If you’re having trouble with your children at bedtime, perhaps a good opening move would be to cease thinking of it as a battle. Then, you can be open to a few pointers and ideas that might help get things peaceful. Here are a few hints.
Assess Your Approach
When it concerns bedtime, are you attempting to follow advice you read about? Or maybe you’re doing what your spouse thinks you should do, or your mom, or your relatives-in-law…the point is, why are you approaching bedtime the way you do? If it is not working, then it may be time to rethink matters.
Perhaps you have been told that kids have to be in bed by a certain time and have to fall asleep by themselves in less than twenty minutes. Try breaking out of the expectations of other people and alternatively, think about your individual youngster’s disposition and your own. Occasionally, it is merely too difficult to meet other’s expectations.
Now that you’re comfy with taking an approach that is customized for you and your children, consider some of these ideas for incentives.
* Let your children earn tickets or play money at bedtime. For instance, if they’re in bed by eight o’clock (or whatever their bedtime is), they earn a certain number of tickets or play dollars. Other behaviors may be reinforced this way, also – remaining quiet after lights are out, not getting out of bed until a certain time, and so on. can all be reinforced with the tickets.
Behavior you do not welcome, like tantrums or leaping out of bed after lights out, might “cost” tickets or play money. Make certain that the amount of tickets or dollars earned is fair for your children’s ages (for instance, it will not mean a lot if it takes a month for a preschooler to pull in enough tickets for a treat – they have a hard time thinking that far in advance).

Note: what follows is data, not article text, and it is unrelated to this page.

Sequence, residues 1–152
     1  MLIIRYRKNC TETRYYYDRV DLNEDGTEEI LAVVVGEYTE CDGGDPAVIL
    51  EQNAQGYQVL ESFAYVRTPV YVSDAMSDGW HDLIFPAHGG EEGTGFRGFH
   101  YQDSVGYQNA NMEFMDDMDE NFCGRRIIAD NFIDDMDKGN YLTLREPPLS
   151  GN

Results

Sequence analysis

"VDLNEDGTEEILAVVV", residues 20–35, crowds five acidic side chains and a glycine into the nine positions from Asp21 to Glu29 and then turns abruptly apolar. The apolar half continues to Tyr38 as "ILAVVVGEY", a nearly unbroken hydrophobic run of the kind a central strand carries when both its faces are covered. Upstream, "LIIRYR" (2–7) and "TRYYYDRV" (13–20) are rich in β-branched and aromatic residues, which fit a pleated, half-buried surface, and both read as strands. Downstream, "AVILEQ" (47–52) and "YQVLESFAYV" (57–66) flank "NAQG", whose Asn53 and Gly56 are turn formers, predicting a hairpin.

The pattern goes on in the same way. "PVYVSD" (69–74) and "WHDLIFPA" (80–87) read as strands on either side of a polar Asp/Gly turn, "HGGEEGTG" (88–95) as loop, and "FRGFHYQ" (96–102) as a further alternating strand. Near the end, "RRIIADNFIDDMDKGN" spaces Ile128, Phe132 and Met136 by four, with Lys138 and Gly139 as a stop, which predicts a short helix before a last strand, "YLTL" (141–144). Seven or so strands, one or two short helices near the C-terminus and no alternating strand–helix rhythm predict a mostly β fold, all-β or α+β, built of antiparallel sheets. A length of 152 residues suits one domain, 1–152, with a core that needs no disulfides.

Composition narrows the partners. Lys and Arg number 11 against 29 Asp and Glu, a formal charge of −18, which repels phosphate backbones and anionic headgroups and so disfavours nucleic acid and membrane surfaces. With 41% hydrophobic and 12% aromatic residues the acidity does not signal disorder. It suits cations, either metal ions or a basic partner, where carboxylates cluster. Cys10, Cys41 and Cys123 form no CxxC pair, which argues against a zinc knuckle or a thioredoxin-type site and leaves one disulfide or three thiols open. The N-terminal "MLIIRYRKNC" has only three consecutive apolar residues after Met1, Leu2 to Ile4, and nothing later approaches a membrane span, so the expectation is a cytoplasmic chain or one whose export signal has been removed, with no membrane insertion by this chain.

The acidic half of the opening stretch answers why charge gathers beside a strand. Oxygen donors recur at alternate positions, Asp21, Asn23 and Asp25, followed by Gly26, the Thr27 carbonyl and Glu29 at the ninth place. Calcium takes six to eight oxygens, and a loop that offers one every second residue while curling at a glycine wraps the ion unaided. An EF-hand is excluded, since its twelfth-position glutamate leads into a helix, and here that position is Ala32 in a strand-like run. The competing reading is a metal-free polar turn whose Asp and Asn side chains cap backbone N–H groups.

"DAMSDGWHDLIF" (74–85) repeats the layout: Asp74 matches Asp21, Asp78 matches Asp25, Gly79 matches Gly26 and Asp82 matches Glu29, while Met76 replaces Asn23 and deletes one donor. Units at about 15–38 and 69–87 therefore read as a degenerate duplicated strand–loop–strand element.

* Try rewarding good night-time behavior with a bit of extra television time or play time. This might work better on kids past preschool – preschoolers generally need more immediate rewards.
One of the things that might be challenging is when your children attempt to become that one last thing in prior to going to bed – “Just one more cartoon? Just one more story?” Make certain you and your children have firm limits set up already, so you do not have to attempt to work out if you should give in or not with each request. If the request isn’t within the limits, then the request Is not granted.
It’s said that kids genuinely do thrive on routine. Routines are different from schedules; it’s more personalized. Having a bedtime routine might help a great deal. You are able to even make a big poster or chart with all the bedtime activities listed in order for your kid to view. Routines help kids feel secure and will hopefully make them less likely to push the limits as they attempt to work out if things are going to be the same or not.
Related Natural Product
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